360 topo map d350 outcrop dVia dell’Abbondanza was a dynamic element within the urban infrastructure of Pompeii that continued to evolve until the demise of the city.   The story of the street and the forum area goes back at least to the sixth century B.C. when a temple in Etruscan form was constructed on the high volcanic ridge that rose above the coastline to the west and the Sarno River to the south.[3] The topography of the area provided a natural route around the volcanic outcropping by means of a long north-south depression that, over time, evolved into via Stabiana.  Access to the volcanic ridge and its early temple from the lower region to the east must have been by way of a track that is now known as via dell’Abbondanza.  An approach from the north was likely via the route that became via Consolare.  An early precursor of via Marina may have climbed the ridge from the west, but the steep ascent from the south was so precipitous that no road was ever constructed to provide access from the plain below.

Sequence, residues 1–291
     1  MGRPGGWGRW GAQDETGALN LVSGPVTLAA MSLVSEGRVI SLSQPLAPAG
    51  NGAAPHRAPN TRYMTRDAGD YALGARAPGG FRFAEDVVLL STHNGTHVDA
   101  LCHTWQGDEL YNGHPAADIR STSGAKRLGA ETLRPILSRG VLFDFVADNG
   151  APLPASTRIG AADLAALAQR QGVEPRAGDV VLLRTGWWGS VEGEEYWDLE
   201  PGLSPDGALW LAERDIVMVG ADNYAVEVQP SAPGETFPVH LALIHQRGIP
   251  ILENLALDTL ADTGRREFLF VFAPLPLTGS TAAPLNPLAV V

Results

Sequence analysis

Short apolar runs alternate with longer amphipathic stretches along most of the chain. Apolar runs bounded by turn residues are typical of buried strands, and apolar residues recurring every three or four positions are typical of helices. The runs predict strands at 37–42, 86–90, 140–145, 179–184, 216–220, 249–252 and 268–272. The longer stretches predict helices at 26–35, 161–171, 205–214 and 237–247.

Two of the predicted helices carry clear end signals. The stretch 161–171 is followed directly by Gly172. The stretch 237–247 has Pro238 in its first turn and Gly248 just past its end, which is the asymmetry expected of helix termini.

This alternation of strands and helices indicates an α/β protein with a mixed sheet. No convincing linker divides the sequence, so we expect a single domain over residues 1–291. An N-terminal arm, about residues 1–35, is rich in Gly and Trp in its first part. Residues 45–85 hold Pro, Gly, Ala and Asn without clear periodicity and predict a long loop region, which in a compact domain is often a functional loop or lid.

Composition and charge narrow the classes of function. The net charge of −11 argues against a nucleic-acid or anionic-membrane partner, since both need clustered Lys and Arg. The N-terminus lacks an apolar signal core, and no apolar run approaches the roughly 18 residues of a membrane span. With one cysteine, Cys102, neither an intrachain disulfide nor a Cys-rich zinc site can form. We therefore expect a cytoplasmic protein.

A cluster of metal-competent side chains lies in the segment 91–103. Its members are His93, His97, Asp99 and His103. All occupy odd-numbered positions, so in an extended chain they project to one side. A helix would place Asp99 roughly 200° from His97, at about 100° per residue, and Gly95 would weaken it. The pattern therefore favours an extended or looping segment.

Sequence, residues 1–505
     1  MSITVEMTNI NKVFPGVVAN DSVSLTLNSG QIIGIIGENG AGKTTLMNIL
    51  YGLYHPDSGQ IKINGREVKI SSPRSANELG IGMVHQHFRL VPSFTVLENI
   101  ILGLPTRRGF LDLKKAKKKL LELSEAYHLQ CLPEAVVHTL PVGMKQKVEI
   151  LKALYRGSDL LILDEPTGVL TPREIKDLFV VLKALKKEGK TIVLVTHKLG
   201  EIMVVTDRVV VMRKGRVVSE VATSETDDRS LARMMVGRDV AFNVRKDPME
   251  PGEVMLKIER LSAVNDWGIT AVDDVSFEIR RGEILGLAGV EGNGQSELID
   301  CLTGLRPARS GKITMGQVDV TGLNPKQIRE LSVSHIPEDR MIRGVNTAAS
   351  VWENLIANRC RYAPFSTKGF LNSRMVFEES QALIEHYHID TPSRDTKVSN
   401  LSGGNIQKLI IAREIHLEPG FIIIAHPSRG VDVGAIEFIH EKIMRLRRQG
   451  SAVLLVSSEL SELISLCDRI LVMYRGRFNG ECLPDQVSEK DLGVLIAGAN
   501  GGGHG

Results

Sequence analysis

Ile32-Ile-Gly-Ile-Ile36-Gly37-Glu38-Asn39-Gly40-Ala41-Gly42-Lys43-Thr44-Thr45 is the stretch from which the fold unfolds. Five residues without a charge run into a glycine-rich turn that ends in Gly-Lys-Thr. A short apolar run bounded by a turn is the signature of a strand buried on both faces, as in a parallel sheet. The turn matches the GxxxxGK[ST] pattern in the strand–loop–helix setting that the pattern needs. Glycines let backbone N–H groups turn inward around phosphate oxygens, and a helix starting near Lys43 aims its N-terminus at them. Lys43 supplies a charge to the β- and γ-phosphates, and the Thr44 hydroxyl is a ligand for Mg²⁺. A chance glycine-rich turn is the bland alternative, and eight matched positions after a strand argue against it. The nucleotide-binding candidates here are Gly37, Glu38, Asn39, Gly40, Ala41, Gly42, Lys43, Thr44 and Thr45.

360 abbstabmap dThe Temple of Apollo on the ridge where the forum would later develop drew devotees for worship and ritual banquets that followed the sacrifices.  Vendors would have provided votive objects to those wishing to leave gifts in the sanctuary while other shops or temporary booths must have sold food, drink and other items.  The close link between religion and commerce in the forum area and the route that connected those activities to the hinterland to the east was thus established at an early period.  Nonetheless, at that early stage there was no monumental architecture either in the later forum area or along the route of the later via dell’Abbondanza.  Eventually, of course, via dell’Abbondanza developed into a major segment of the armature of the city.